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Leisure & entertainment

The ways to chill and have fun have hardly changed within the last thirty years in Ukraine. But  if the essence remains, the form has still evolved.    

For instance, just like in the ‘90s, watching videos  now is the most popular way to relax. Only back  then, we watched TV and VCRs, while now we  surf the Internet.    

Music fans listened to the radio and cassettes in  the 1990s. But from the mid-2000s, we hardly  turn on the radio, except while driving. Listening to  music now is an individual experience. We select  tracks and albums via the Internet or use gadgets  and headphones.    

Within the last thirty years, many nightclubs have  emerged and disappeared in Ukraine. But the  youth has always wanted to hang out and dance.  And if you really look at them, the 90s club life  and the current one intensely alike, apart from  Social Media Marketing.    

Today, we read as much as we ever did in Ukraine.  Not less. However, the readers of the ‘90s chose  magazines and fiction. Now, we consume online  content through social networks.    

What has changed within the last three decades  in our country is that we visit each other less.  Unlike in the 1990s, now we catch up and hang  out on neutral territory or rely on something  unthinkable in the ‘90s — virtual meetings.    

We are not so keen on a holiday in the countryside  as we were once. And another change deserves  a mention: in the brutal ‘90s, dacha (a country  house) meant gardening and potato harvesting.  Now it’s more about switching off from the hustle  and bustle of city life.    

Young X’s in the ’90s were confined to domestic  tourism and generally didn’t see much of the world.  However, the millennials are lucky enough to spend  holidays in Egypt and Turkey. Lucky Zoomers enjoy  visa-free European travel now and have been doing  so since the days of their childhood. Cheap airline  tickets and hostel accommodation made “breakfast  in Paris” an ordinary thing for them.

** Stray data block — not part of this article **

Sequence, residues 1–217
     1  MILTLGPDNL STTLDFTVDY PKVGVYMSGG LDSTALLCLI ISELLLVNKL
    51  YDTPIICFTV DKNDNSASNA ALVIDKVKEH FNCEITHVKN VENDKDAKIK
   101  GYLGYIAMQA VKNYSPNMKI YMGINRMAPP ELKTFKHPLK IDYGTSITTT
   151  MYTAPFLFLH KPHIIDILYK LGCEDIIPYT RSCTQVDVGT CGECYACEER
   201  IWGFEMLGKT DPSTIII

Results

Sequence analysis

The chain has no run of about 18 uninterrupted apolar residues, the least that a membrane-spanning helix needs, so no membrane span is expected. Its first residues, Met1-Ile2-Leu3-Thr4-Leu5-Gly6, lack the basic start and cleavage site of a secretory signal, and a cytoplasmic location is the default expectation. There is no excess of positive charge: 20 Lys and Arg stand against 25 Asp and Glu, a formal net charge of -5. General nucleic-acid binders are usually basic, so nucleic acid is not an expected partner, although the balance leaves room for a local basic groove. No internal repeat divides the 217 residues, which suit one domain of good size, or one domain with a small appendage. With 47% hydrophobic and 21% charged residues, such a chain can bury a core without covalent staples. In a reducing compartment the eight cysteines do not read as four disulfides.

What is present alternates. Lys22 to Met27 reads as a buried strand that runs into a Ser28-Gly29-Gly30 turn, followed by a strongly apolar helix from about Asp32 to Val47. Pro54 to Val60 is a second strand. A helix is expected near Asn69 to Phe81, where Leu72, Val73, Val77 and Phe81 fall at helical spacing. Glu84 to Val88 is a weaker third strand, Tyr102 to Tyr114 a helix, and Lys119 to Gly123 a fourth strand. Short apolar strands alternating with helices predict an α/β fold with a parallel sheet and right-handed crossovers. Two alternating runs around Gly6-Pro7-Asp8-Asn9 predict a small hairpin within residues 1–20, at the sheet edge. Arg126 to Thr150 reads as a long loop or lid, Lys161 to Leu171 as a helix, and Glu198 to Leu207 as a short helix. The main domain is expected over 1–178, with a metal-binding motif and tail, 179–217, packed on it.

Bonus from millennials: how to play bucks The millennials’ cult game Bucks raged at the end  of the ‘90s. The players collected plastic coin-  sized bucks with various pictures on them. While  collecting, images of Pokemon (Pocket Monsters)  topped their wish list.    

The Millennials borrowed the rules from the  well-known “claps,” chewing gum inserts  game popular in the early ‘90s. Back then, the  participants clapped over a stack of colourful  picture-liners, trying to flip them over. This idea  passed down to the newly invented game.    

The bucks players each staked an equal amount  of bucks; a buck’s rarity determined its value.  Players struck a stack of plastic bucks with a metal  club (of a buck’s size). The pieces that turned over  went to the winner.    

And experienced gamers hid a few tricks up their  sleeve. For instance, aiming at the side or the bot-  tom of the stack could flip almost half the bucks.    

In a lighter version of the game, the players  tossed their bucks over the table, trying to re-  verse their faces. The winner was the one who  shifted the highest amount of bucks.    Almost everyone played this game of change.  

Those who hadn’t got any bucks to play with felt  like outsiders. However, in the 2000s, bucks died  out, and children began to amuse themselves  with other things, like chewing gum stickers.  

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